Those who enjoy the arts are in luck this weekend. There will be an abundance of creative crafts and precious pieces to be found in both Glynn and McIntosh counties.

Two Arts in the Park will be going down on Saturday and Sunday. First up, Art in the Park in Darien, which coincides with the Blessing of the Fleet. The satellite event will be held in Vernon Square, near all of the weekend’s excitement.

Linda Humphries, executive director of the McIntosh Arts Association, said it gives the organization a chance to celebrate the area’s creativity and artistic talents.

“It also showcases the beautiful live oaks and historic buildings that surround Darien’s Vernon Square, she said. “It is a pleasant place to browse, picnic, or stroll outside of the gates of the Blessing’s activities, while listening to live music from some local favorites.”

The entertainment will be provided by Jim Morgan and Rich Wagner on Saturday and Michael Hulett on Sunday. Vendors for the McIntosh Arts in the Park will include purveyors of fine artists, photographers, jewelry, stained glass crafters, wood carvers and other artisans.

“There will also be some people who make some pretty clever home décor with their ability to turn scrap items into an artist’s canvas,” Humphries said.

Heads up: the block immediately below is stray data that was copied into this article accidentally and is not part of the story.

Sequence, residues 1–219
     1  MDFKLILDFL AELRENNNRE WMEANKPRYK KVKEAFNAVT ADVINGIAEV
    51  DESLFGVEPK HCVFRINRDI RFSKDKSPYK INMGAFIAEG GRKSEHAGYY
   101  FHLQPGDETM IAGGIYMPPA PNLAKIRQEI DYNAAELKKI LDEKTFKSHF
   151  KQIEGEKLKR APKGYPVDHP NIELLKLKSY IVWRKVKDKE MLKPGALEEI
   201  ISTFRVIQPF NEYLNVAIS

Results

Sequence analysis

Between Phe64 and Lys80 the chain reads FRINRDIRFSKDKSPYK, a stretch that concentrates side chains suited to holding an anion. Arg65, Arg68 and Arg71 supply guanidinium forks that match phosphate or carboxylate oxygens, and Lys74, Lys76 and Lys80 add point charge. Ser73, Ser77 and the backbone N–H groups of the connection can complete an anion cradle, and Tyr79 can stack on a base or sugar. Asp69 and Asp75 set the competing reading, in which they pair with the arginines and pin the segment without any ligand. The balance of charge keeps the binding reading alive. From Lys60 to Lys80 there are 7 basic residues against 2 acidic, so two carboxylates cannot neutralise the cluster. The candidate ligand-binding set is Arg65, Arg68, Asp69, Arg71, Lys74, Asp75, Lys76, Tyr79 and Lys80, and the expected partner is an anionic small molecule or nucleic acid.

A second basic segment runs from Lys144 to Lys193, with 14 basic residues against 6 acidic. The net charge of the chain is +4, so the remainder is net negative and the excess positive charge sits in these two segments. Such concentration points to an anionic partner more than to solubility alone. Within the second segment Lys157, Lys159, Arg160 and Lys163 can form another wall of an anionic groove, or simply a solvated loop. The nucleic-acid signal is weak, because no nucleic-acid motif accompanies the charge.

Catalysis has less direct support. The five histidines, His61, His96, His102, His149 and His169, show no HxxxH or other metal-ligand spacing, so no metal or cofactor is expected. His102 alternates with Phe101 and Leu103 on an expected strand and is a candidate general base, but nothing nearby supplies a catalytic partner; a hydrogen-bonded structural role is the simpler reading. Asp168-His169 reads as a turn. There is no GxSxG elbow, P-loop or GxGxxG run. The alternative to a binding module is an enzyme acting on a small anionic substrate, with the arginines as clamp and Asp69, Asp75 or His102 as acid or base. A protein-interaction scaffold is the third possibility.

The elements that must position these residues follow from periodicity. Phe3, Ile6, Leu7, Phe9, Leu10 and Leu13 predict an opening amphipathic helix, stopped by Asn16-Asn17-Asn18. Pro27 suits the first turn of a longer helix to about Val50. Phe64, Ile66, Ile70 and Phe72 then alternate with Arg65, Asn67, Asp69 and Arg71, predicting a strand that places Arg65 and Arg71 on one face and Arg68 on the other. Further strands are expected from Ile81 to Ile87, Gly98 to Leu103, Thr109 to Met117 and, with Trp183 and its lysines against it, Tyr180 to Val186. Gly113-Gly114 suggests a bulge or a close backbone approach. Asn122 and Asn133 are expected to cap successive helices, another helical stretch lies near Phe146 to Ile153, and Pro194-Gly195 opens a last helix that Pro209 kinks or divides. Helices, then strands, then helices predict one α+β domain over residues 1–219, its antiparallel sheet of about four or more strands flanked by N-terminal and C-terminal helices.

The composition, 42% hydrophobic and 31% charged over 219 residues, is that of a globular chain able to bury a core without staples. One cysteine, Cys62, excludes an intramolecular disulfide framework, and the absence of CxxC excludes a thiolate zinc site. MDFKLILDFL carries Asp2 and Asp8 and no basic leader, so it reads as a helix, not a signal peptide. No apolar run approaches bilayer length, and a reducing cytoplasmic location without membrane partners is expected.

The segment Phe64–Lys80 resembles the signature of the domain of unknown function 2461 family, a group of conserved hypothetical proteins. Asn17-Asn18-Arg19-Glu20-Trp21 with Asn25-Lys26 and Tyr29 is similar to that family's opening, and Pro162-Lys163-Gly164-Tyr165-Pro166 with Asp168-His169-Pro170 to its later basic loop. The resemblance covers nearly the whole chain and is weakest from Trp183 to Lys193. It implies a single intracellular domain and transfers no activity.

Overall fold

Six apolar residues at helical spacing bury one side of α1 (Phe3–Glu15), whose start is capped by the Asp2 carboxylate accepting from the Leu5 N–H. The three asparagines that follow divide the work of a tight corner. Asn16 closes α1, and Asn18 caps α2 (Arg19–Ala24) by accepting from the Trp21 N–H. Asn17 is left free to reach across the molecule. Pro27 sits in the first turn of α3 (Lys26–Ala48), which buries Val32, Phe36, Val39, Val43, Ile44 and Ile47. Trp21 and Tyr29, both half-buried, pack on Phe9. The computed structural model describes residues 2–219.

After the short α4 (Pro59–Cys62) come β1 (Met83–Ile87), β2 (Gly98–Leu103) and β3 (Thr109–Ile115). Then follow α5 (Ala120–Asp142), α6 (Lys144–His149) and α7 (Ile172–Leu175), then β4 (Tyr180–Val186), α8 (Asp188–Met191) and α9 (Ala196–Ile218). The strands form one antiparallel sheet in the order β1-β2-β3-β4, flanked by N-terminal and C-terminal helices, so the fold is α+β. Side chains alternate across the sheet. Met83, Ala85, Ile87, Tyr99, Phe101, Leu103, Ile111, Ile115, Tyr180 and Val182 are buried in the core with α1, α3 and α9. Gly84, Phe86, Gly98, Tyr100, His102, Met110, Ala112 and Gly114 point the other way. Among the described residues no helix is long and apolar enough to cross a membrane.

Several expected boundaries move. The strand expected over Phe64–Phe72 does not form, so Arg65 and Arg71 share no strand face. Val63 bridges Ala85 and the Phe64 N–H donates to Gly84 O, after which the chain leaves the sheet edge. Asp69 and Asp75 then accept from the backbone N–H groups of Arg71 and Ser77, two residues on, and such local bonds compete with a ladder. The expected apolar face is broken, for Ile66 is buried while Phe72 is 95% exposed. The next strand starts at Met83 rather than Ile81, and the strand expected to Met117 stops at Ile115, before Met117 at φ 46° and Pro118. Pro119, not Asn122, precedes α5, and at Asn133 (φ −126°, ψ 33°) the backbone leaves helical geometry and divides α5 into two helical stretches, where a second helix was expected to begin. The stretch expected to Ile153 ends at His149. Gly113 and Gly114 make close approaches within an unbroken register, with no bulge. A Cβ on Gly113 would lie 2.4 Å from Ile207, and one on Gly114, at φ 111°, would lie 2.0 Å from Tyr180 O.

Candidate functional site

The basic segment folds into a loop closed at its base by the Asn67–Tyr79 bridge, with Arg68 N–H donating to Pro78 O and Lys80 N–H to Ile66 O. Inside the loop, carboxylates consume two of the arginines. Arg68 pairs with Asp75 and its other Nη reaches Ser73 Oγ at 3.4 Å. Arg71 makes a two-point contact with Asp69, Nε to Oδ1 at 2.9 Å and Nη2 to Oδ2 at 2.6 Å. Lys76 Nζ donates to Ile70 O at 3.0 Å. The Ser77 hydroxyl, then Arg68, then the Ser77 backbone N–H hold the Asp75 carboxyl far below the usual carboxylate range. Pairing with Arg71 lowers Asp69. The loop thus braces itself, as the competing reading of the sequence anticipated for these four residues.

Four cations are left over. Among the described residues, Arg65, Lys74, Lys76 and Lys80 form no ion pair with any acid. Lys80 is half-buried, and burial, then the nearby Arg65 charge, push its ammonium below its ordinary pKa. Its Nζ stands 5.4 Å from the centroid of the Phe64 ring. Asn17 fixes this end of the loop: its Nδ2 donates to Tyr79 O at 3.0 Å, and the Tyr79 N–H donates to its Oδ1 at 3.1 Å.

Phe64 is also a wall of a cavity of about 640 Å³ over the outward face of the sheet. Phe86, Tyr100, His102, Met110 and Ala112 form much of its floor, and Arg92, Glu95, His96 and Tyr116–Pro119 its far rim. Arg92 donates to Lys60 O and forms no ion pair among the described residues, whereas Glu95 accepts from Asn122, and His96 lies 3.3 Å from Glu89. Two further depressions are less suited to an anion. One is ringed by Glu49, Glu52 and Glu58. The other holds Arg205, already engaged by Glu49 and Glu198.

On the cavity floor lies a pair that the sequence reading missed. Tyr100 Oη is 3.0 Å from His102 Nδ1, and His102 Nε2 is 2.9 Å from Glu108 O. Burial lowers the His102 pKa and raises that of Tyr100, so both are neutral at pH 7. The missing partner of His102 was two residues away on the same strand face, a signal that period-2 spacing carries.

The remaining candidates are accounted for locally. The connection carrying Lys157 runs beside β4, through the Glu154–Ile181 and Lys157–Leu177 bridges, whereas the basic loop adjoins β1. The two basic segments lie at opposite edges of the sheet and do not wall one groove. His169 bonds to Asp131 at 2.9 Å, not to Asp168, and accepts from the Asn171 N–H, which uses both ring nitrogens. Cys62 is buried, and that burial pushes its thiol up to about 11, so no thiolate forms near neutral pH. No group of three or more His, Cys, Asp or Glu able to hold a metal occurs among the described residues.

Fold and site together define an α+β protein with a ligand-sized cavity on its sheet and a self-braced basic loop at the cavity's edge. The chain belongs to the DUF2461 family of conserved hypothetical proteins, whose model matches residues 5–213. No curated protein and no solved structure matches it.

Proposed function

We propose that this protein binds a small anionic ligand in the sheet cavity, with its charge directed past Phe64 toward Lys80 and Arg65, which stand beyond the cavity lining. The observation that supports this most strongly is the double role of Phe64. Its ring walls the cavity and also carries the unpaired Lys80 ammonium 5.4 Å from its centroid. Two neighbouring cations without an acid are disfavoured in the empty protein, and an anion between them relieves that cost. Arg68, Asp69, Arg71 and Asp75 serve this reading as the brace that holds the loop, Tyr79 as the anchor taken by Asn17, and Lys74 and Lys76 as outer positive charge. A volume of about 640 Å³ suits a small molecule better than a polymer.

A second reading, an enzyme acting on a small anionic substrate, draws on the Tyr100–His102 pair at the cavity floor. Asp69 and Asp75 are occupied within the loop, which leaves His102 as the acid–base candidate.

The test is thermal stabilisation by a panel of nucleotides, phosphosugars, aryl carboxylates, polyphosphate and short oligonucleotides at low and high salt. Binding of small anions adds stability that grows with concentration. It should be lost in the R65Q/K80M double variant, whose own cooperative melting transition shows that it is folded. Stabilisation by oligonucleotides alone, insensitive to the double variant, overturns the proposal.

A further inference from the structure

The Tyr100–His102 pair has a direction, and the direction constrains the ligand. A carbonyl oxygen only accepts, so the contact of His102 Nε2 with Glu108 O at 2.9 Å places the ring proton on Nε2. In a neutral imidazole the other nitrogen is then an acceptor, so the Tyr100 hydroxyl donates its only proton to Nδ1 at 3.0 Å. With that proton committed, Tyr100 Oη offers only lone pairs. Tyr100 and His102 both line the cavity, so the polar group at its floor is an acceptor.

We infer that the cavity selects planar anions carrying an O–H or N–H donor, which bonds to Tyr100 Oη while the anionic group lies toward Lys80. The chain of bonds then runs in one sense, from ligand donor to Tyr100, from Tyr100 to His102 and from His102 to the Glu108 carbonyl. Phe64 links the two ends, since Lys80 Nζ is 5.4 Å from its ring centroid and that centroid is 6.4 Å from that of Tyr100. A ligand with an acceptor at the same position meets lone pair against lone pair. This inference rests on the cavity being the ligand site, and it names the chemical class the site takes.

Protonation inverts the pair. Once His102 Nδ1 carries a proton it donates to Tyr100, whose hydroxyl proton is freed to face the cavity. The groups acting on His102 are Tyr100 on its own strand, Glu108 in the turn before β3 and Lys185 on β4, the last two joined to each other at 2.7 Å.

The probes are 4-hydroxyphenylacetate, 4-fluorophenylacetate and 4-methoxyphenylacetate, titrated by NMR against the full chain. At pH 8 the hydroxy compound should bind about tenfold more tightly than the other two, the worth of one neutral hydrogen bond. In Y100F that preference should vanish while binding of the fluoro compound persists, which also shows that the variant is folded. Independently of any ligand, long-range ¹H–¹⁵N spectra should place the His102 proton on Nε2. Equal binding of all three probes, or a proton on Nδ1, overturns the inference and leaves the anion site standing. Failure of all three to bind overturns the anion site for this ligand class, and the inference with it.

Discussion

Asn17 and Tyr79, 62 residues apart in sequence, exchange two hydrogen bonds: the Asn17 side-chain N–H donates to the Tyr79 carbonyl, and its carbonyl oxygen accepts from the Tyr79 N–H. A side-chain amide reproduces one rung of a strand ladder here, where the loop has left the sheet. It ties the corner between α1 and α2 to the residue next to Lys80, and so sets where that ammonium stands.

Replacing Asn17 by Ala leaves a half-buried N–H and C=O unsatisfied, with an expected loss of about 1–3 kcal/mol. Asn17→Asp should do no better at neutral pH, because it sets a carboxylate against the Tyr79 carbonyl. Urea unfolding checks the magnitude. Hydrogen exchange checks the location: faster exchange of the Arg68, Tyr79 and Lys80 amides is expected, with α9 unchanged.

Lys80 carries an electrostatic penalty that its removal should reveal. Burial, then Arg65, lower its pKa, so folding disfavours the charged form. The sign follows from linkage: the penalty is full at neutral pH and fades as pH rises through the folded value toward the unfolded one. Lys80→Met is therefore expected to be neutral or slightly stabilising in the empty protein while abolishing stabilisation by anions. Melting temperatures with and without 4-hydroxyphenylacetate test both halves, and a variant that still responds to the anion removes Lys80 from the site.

There will be a similar scene at Postell Park on St. Simons Island. There, Glynn Visual Arts will be celebrating its 26th annual Art in the Park event.

From 10 a.m. to 5 p.m. Saturday and Sunday, attendees will find an array of items available for enthusiasts. More than 70 talented artists and skilled crafts people from around the region will display an impressive range of work including two dimensional art, sculpture, ceramics, photography, textiles, wood, metal and more. Handmade beauty products and gourmet goodies will also be available. In addition to the art, there will be music as well as a children’s “Creation Station.”

More from this section

Terry Mermann has always been a devout Catholic. As a young child, he would ride his bike to Mass, listening intently to biblical passages and teachings. He grew up in the church and his faith provided a foundation for the rest of his life.

For cancer survivors like Rhonda Barlow, Relay for Life is much more than a community event. Sure, there are plenty of good times attached to the annual activity, as friends and colleagues team up to raise money through parties or pledges.

A little over a decade ago, Justin Crandall fell in love with the entire home brewing process. From the hops through fermentation, it was something that fit with the electrical engineer’s nature.

Life can change in an instant. It’s something that Kim Worley knows all too well. The Brunswick resident had her own path altered 30 years ago when she was seriously injured in a car accident.